GATTacking Bluetooth Smart Devices - Introducing a New BLE Proxy Tool

 Slawomir Jasek, IT Security Consultant, SecuRing

The internet of things is rife with devices that make use of Bluetooth Low Energy, but they don't always take advantage of all the security features of the technology. "A

1
InfoWorld Security

Craig Williams, Mike Caudill & Kevin Timm, Cisco Systems


Register Now // july 24 - 27


USA 2010 Weekend Training Session //July 24-25

USA 2010 Weekday Training Session //July 26-27


Overview:

When testing an intrusion prevention system (IPS), security engineers tend to evaluate speed, accuracy, and ease of use. Although speed and ease of use are important for a security device, customers are paying for protection; thus, the accuracy of the signature base is critical. Evasion techniques are constantly evolving, it is imperative that IPS devices have the ability to detect both ordinary exploits and their obfuscated cousins.

This hands-on course will cover everything from older, well understood evasion techniques to newer, cutting edge ones. We will apply these techniques using penetration testing tools and public proof-of-concept exploit code. The purpose of this course is to learn to test any IPS, not expose a flaw of a specific vendor. To that end the actual IPS devices we are testing will not be identified.

Students will learn how to modify attacks to accurately evaluate the detection capability of a device. Emphasis will be placed on determining if a signature is specific to a vulnerability or exploit, as well as its resistance to additional layers of evasions. The course will also cover the intricacies of performance testing and the impact that a heavy load can have on an IPS. Newer technologies such as reputation will be discussed as they apply to detection.

By the end of the course, students will have detailed knowledge of evasion techniques and be able to properly gauge the performance of a device and avoid IPS testing pitfalls. The key factor in successful IPS testing is having properly trained, knowledgeable staff conducting the test. With the ever-present threat to network security, it is imperative to fully understand the level of protection that an IPS device provides and the level of insight required to maximize its capabilities.

teaching methods:

Lecture, group exercises, and demos.

Student Requirements, experience/expertise

  • Basic IPS experience required with a major IPS platform (Cisco, TippingPoint, ISS, Sourcefire, Entrasys, etc.)
  • Basic shell scripting programming experience is recommended.
  • Basic familiarity with VMWare products.
  • Basic regular expression familiarity.
  • Optional: While Ruby/Python/Perl experienced is not a prerequisite, students with this background will probably be more comfortable with the material.

What to bring:

A laptop capable of running vmware infrastructure client (aka windows or windows vm) or RDP

What we provide:

  • Copy of slides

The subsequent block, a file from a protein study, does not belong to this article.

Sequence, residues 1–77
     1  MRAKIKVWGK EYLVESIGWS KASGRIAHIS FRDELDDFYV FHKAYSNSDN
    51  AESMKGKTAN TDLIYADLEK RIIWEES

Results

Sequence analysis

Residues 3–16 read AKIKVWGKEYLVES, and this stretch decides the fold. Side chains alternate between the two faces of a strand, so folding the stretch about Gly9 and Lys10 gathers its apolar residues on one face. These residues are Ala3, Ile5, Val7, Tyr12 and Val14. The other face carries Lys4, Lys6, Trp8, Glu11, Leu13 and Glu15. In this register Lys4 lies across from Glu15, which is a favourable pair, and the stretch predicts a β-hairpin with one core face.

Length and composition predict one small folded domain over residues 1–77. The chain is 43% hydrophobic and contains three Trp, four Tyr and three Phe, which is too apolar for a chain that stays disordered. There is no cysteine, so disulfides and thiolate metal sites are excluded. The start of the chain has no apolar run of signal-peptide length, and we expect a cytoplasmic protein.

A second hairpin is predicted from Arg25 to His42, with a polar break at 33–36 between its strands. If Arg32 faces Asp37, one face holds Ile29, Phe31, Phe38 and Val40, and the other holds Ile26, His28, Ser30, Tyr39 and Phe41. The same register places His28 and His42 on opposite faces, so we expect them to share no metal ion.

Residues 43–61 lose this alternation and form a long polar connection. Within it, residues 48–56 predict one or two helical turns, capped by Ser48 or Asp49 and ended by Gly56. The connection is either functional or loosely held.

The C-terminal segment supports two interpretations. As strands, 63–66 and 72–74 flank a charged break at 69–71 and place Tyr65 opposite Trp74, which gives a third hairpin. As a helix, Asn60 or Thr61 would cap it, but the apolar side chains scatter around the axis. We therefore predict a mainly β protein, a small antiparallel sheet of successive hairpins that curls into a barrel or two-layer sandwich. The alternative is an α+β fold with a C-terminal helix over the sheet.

• Remote access to 2 VMware infrastructure servers (hosting attacker & victim vm’s) setup on an inline IPS network
  • 3 switches (assuming 3 rows of tables 1 switch per table)
  • Cisco IPS
  • 30 Ethernet cables
  • Traffic generator capable of dosing an ips

Trainers:

Craig Williams is a senior research engineer for Cisco Systems where he is part of the Cisco Security Research & Operations organization. Craig specializes in exploit and malware analysis, reverse engineering, IPS signature design, vulnerability research, attack obfuscation and evasion, and network programming. Since joining Cisco in 2004, Craig has made significant contributions to the IPS signature team including a pending patent involving obfuscated traffic inspection. His current research involves malware, specifically improving the detection and mitigation of botnets.


Mike Caudill is a Program Manager and Incident Manager for Cisco Systems where he is part of the Cisco Security Research & Operations organization. Since joining Cisco in 1998, Mike has worked as an Incident Manager for the Cisco PSIRT where he responded, resolved, and disclosed security vulnerabilities in affected Cisco products. Mike has held leadership roles in both FIRST and ICASI, international organizations whose missions focus on vulnerability and security incident response in order to improve the state of security on the Internet. Mike has a relentless passion to protect customers and Internet users from vulnerabilities and attacks and today is helping to find new ways to detect, identify, mitigate, and respond to those attacks.


Kevin Timm is a security researcher at Cisco Systems where he is part of the Cisco Security Research & Operations organization. Kevin’s current work focuses the automation of malware analysis using virtualization. Over the past decade, Kevin has authored several security-related white papers and articles as well as presented at Cisco Networkers. Prior to joining Cisco in 2004, Kevin held senior roles in the Managed Security and Managed Hosting industries.